Wednesday, March 18, 2009

Vancouver to MLS!

I’ll have far more on this as the story plays itself out, but it appears that the news that I first broke on The 24th Minute, that Vancouver will be awarded a MLS team, will be confirmed at a press conference later today.

This is awesome news for soccer fans in Canada. Although the USL does provide a decent brand of soccer it does not match-up with MLS in terms of exposure or potential growth. As good as the current Whitecaps are, they are still playing in a stadium that sits 5,000 with limited attention outside of the Lower Mainland. By joining TFC in MLS, the ‘Caps have the potential to become a truly national brand.

There are some questions. Most notably, whether the ‘Caps will be allowed to keep their current player development system. Here’s hoping they are because it’s top notch.

What isn’t a question is the future of the league or sport in this country (don’t believe me? Then ask Stephen Brunt). MLS soccer is in Canada to stay. If you are a soccer fan, rejoice. If you don’t like soccer...why should we soccer fans care what you think? Back away from the comments section. We’ve heard whatever “joke” you’re going to post already. Let us enjoy our moment...

As stated, I’ll have more on this tomorrow...

1 comment:

sager said...

This is where Brunt nails it where others miss the point.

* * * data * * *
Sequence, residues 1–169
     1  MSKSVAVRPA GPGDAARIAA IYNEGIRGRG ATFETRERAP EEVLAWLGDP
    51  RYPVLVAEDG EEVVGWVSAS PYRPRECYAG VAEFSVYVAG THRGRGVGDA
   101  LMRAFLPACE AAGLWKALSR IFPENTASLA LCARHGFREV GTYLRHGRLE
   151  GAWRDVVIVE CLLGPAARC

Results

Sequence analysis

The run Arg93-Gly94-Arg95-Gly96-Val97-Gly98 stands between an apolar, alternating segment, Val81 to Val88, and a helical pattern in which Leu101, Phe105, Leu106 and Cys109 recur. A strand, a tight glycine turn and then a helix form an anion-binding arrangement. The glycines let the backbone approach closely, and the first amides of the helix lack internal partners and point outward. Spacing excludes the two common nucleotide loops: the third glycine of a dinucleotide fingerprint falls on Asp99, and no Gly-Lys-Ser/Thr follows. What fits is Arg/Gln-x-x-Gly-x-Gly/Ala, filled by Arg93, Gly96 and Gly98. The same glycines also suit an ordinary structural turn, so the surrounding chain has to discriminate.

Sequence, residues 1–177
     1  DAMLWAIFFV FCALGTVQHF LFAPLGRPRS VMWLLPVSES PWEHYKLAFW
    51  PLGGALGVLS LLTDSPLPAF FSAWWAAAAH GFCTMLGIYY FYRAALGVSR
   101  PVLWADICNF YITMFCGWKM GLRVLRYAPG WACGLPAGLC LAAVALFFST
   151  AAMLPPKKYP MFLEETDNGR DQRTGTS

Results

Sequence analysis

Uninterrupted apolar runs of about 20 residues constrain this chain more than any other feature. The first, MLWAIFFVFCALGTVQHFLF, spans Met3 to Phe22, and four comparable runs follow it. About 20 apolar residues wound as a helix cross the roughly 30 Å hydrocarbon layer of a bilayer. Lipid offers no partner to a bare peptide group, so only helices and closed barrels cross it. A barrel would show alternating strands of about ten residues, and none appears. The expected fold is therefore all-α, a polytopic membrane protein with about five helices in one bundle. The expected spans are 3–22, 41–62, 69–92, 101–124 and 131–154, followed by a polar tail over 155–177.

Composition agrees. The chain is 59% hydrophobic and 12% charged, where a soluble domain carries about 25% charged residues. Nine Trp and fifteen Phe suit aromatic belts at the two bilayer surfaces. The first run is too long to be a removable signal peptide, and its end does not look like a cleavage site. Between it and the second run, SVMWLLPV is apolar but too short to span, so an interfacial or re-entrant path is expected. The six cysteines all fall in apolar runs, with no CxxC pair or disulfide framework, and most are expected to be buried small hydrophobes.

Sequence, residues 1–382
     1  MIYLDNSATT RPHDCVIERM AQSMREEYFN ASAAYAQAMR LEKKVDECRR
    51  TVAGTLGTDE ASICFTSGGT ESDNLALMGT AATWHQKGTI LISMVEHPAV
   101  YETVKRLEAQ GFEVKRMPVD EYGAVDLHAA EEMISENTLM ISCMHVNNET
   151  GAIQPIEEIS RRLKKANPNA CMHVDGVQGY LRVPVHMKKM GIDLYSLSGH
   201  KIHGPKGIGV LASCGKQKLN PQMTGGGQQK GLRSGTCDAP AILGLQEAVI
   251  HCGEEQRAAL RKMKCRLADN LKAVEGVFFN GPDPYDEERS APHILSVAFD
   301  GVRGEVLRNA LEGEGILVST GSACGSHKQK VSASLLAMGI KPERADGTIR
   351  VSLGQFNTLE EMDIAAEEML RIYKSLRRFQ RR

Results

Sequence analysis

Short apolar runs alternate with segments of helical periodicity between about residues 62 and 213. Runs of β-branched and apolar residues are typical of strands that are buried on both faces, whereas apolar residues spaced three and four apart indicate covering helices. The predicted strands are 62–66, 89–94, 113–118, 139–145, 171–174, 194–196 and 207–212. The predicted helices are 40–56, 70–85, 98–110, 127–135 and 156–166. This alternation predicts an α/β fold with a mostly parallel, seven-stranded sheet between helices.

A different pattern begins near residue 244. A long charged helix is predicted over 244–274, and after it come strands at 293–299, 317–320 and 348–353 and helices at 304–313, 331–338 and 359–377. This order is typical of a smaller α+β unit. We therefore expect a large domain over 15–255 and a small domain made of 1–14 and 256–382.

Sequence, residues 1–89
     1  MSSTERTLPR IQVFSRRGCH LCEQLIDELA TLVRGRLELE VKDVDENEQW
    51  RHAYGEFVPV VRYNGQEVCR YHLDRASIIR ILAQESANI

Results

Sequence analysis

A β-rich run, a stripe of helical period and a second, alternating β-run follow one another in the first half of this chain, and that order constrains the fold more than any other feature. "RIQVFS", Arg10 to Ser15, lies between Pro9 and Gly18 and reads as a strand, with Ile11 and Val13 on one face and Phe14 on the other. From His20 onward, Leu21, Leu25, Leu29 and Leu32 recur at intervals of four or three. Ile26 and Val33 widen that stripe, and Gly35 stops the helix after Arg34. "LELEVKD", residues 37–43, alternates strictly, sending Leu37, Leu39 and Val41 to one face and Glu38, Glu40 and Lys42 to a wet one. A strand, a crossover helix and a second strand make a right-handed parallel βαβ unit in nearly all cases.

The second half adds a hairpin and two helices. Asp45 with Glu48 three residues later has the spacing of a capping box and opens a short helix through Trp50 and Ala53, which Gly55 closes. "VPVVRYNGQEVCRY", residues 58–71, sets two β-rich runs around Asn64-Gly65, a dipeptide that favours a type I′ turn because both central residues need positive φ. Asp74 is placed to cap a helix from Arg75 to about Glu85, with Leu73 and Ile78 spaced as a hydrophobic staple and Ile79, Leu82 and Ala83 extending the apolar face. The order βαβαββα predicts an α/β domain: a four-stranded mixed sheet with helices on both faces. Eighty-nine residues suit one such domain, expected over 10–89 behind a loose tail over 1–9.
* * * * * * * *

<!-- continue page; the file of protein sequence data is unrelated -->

"And the truth is, the MLS didn't require mass conversions to survive. Its growth strategy (unlike, say, the NHL's) is based on a tight, realistic player salary structure, and in taking the game to people who already like it, who understand it, who have become literate in the sport through television exposure to European leagues and World Cups.

"Those fans understand what the league is and what it isn't, understand that the very best players will move on to greener pastures (as they do from any league in the world other than the top levels in England, Spain and Italy), and that international stars will pass through mostly on the way down.

"What they want is a local rooting interest (not unlike cheering for a second- or third-division hometown club in England or Scotland or on the continent, while also following Man U or Juventus or Celtic), and the experience of seeing the sport live, in appropriate surroundings, in the company of others who share their passion.

That's enough – enough, if you do it properly, to put 15,000 or 20,000 fans into the right stadium, to sell plenty of beer and merchandise, to justify the cost of entry and perhaps to become a nice little equity play for owners if that $40-million franchise value is even close to real. There's every reason to believe that, if Vancouver is indeed confirmed for 2011, the formula will work there, as well."

He is one of the few journos of his vintage who gets it with MMA, and he gets it with MLS while the rest

That is the big misunderstanding (fear), that all these people have to be converted to soccer people to soccer fans ... not necessarily.